2.

T. Vivero, N. Calabretta, I. T. Monroy, G. CarvalhoKassar, F. Öhman, K. Yvind, A. Gonzalez-Marcos, and J. Mørk, “10 Gb/s-NRZ Optical 2R-Regeneration in Two-Section SOA-EA Chip,” in Lasers and Electro-Optics Society, 2007. LEOS 2007. The 20th Annual Meeting of the IEEE , 806–807 (2007).

3.

F. Öhman and J. Mørk, “Modeling of bit error rate in cascaded 2R regenerators,” J. Lightwave Technol. 24, 1057–1063 (2006). [CrossRef]

4.

F. Öhman, R. Kjær, L. J. Christiansen, K. Yvind, and J. Mørk, “Steep and Adjustable Transfer Functions of Monolithic SOA-EA 2R Regenerators,” IEEE Photon. Technol. Lett. , 18, 1067C1069 (2006). [CrossRef]

5.

P. L. Hansen, M. V. Poel, K. Yvind, and J. Mørk, “Experimental Observation of Pulse Delay and Speed-up in Cascaded QuantumWell Gain and Absorber Media,” in Slow and Fast Light, (Optical Society of America, 2008), JMB11.

6.

M. J. R. Heck, A. J. M. Bente, Y. Barbarin, D. Lenstra, and M. K. Smit, “Monolithic Semiconductor Waveguide Device Concept for Picosecond Pulse Amplification, Isolation, and Spectral Shaping,” IEEE J. Quantum Electron. 43, 910–922 (2007). [CrossRef]

7.

M. J. R. Heck, E. A. J. M. Bente, Y. Barbarin, A. Fryda, J. Hyun-Do, O. Yok-Siang, R. Notzel, D. Lenstra, and M. K. Smit, “Characterization of a Monolithic Concatenated SOA/SA Waveguide Device for Picosecond Pulse Amplification and Shaping,” IEEE J. Quantum Electron. 44, 360–369 (2008). [CrossRef]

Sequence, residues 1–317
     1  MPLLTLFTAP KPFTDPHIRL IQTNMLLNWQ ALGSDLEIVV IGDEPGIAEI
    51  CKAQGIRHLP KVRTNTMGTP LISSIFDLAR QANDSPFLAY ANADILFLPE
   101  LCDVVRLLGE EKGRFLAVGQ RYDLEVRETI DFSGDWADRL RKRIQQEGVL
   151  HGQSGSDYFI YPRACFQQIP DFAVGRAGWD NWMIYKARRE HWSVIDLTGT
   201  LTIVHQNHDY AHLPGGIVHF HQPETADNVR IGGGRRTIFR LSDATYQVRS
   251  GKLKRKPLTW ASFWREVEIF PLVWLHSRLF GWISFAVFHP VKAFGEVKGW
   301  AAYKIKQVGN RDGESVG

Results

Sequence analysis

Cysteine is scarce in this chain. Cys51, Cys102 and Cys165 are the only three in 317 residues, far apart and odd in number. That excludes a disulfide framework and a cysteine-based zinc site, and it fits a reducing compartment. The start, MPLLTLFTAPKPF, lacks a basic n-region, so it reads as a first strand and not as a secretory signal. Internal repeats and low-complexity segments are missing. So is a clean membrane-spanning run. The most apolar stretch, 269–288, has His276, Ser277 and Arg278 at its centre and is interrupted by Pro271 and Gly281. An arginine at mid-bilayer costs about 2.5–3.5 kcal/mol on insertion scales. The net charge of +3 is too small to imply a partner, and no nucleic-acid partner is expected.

8.

R. J. Manning, X. Yang, R. P. Webb, R. Giller, F. C. Garcia Gunning, and A. D. Ellis, “The turbo-switch - a novel technique to increase the high-speed response of SOAs for wavelength conversion,” in Optical Fiber Communication Conference, 2006 and the 2006 National Fiber Optic Engineers Conference. OFC 2006, (2006).

9.

A. Mecozzi and J. Mørk, “Saturation induced by picosecond pulses in semiconductor optical amplifiers” J. Opt. Soc. Am. B 14, 761 (1997). [CrossRef]

10.

A. Uskov, J. Mørk, and J. Mark, “Theory of short-pulse gain saturation in semiconductor laser amplifiers,” IEEE Photon. Technol. Lett. 4, 443–446 (1992). [CrossRef]

11.

J. Mørk and J. Mark, “Time-resolved spectroscopy of semiconductor laser devices: experiments and modeling,” Proceedings of SPIE.Physics and Simulation of Optoelectronic Devices III , Marek Osinski and Weng W. Chow, Editors 2399, 146–159 (1995).

12.

M. L. Nielsen, J. Mørk, R. Suzuki, J. Sakaguchi, and Y. Ueno, “Experimental and theoretical investigation of the impact of ultra-fast carrier dynamics on high-speed SOA-based all-optical switches,” Opt. Express 14, 331–347 (2006). http://www.opticsinfobase.org/abstract.cfm?URI=oe-14-1-331 [CrossRef] [PubMed]

13.

Francis Romstad, “Absorption and refractive index dynamics in waveguide semiconductor electroabsorbers,” PhD thesis, Research Center COM, Technical University of Denmark, Denmark , 84–86 (2002).

14.

J. R. Karin, R. J. Helkey, D. J. Derickson, R. Nagarajan, D. S. Allin, J. E. Bowers, and R. L. Thornton, “Ultrafast dynamics in field-enhanced saturable absorbers,” Appl. Phys. Lett. 64, 676–678 (1994). [CrossRef]